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By Trudy Herbst / Tuesday, Aug. 30, 2016 09:29 am
Old Fashioned Sunday Picnic
1930_Ford_Model_A_Roadster
1930 Ford Model A Roadster

STURGEON BAY, WI (August 20, 2016) – The Door County Historical Society’s Sunday, September 4th program at the Heritage Village at Big Creek is an old-fashioned Sunday picnic featuring the Cherryland A’s Car Club. The model A’s will decorate the Village for extended hours from 11-3:00pm. Joining the Ford Model A’s, are an International Harvester Farmall Tractor 350, a Studebaker “Izzer” carriage, ice cream making and blacksmiths demonstrations, and the exhibit “Wisconsin’s John Muir.” And of course, what is a Sunday picnic without fried chicken?

Model A’s represented the Ford Motor Company’s second success following the Model T’s. Prices for the Model A ranged from $385 for a roadster to $1400 for the top-of-the-line Town Car. Features included a 4-cylinder water-cooled engine that could hit around 65 mph...quite zippy for 1927! Some versions, had fuel gauges, rear-view mirrors, and an aftermarket unit that provided heat to the cab. The Model A was the first car to have a windshield made of safety glass. The Model A came in a wide variety of styles and you will be able to see several styles displayed by the Cherryland A’s Car Club including a 1929 Model A pickup truck and a 1930 Model A roadster. 

 

On display will be the newest artifact to the Society’s collection, a Studebaker Izzer buggy with an auto seat. From 1890-1915, Izzer buggies were one of the most successful Studebaker designs, producing about 10,000 a year; they could have sold more if they had the plant capacity. The name Izzer came from the story of a farmer who wanted to buy a new horse. Fed up with the nags that were paraded before him, the farmer said, “I don’t want a Wuzzer, I want a Izzer.”

Joining the Model A’s and Izzer, will be a fully restored International Harvester row crop tractor, Farmall 350. Because the tractor had the ability to be a farm workhorse, performing all farm tasks, it was named farm all! In 1956, the tractors were the first generation to bear the now famous International Harvester red and white.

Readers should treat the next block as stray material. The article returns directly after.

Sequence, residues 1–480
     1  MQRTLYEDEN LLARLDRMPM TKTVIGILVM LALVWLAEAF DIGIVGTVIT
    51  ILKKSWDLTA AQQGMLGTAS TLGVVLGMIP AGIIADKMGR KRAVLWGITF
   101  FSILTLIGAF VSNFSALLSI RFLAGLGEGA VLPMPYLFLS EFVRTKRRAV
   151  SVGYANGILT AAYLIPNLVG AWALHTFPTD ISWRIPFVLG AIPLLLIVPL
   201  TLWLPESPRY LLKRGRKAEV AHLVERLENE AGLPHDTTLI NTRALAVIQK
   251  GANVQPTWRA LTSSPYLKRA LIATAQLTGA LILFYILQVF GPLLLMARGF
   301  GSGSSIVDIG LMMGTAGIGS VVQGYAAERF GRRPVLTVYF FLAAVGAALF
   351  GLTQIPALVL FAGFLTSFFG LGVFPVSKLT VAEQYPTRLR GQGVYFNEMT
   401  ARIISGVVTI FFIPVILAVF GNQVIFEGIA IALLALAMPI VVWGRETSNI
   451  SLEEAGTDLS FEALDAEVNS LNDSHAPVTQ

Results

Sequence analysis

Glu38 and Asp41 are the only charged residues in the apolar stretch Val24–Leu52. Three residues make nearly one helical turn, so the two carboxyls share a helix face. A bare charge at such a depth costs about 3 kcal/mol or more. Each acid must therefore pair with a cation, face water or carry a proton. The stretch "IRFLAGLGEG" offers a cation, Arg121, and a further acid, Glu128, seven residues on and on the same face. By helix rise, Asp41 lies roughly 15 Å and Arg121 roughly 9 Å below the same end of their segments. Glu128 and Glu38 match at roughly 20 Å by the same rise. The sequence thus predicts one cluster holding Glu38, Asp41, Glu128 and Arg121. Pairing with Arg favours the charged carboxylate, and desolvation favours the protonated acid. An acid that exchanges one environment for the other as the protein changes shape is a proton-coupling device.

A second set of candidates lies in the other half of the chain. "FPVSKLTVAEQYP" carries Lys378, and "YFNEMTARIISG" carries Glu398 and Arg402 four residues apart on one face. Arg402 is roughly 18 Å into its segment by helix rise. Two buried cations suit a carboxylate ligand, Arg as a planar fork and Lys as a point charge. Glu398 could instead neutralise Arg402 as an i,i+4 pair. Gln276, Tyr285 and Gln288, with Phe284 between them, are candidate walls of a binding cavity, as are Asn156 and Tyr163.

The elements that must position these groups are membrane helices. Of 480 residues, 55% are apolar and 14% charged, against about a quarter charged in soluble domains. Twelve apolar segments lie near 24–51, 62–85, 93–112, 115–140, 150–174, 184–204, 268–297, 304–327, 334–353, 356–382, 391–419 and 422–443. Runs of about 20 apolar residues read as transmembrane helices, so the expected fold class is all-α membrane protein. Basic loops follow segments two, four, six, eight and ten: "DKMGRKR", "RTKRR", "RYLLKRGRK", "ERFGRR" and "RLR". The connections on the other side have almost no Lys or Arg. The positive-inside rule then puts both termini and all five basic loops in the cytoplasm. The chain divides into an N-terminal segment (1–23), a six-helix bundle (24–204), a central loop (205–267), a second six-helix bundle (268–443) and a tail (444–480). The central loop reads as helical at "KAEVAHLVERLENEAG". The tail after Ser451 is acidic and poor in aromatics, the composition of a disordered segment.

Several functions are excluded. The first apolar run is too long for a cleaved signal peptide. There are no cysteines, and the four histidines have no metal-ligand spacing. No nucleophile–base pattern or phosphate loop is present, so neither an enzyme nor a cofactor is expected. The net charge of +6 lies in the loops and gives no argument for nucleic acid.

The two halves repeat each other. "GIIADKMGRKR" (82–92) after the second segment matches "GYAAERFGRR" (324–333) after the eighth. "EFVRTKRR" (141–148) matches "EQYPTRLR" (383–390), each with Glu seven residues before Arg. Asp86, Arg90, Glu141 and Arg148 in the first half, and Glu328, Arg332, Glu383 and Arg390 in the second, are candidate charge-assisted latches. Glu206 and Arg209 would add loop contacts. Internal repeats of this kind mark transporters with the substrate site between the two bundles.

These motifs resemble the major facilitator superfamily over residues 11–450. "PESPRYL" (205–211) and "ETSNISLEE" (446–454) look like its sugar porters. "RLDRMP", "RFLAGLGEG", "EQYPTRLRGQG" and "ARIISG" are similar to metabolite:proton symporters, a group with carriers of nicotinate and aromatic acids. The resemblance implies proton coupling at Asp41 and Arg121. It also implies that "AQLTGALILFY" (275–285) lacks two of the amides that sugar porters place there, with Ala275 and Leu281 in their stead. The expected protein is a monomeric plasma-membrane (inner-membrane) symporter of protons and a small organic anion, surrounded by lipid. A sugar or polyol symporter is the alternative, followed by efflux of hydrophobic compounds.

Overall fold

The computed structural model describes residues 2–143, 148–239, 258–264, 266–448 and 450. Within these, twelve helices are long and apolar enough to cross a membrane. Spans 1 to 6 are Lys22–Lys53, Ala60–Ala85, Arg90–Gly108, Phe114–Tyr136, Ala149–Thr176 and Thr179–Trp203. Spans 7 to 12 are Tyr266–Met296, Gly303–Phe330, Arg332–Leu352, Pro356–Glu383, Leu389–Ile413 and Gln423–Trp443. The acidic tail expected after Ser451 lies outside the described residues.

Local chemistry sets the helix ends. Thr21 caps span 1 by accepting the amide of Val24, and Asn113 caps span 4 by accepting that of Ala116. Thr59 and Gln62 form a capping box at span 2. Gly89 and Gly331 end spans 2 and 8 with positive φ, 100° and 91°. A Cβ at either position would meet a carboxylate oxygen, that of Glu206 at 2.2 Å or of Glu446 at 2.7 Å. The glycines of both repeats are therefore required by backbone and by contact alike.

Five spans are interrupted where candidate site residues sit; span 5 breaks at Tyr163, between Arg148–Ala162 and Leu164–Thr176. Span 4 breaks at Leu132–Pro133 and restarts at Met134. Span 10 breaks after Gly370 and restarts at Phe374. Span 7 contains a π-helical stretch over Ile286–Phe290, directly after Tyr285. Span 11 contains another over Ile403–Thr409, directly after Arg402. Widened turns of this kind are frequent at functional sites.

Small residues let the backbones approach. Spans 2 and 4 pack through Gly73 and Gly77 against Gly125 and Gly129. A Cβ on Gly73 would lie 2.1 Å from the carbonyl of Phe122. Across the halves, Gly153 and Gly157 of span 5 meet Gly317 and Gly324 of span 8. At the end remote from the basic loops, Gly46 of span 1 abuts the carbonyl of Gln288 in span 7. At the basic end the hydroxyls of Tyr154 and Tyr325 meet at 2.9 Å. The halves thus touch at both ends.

Besides all the exhibits, you may take a turn on the crank to make homemade ice cream; samplings will be available to those who help crank! Ice eating references may be found as early as the fifth century BC; Hippocrates, encouraged his Ancient Greek patients to eat ice “as it livens the lifejuices and increases the well-being.” Quaker colonists brought ice cream recipes with them. First Lady Dolley Madison served ice cream at her husband’s 1813 Inaugural Ball. Small-scale hand-cranked ice cream freezers were invented in America by Nancy Johnson in the 1840s. Ice cream increases in availability and popularity in the early 20th century during prohibition. Many saloons converted to soda fountains and ice cream parlors looking for new forms of revenue, spurring the growth of ice cream’s popularity.  

Explore the Heritage Village during self-guided tours on Sunday, September 4, from 11:00am–3:00pm. The Heritage Village is located at 2041 Michigan Street in Sturgeon Bay. Admission to the Village’s historic buildings; Ford model A’s, tractor, Studebaker Izzer carriage, and “Wisconsin’s John Muir”; ice cream making and blacksmith demonstrations is $5 for adults 18 years and older; no admission fee is charged for children. Chicken dinners, ice cream floats and sundaes are available for purchase. To pre-order chicken dinners (pre-orders are not required, but are appreciated) or for further information, contact the Society at 920.421.2332 or Director.DCHistoricalSociety@gmail.com

The Door County Historical Society is a membership organization dedicated to keeping history alive for future generations through the collection, preservation and sharing of the heritage of Door County. The Society operates two interpretive sites: Eagle Bluff Lighthouse in Peninsula State Park and the Heritage Village at Big Creek in Sturgeon Bay.

Place:
36 S. Third Avenue, Sturgeon Bay, WI
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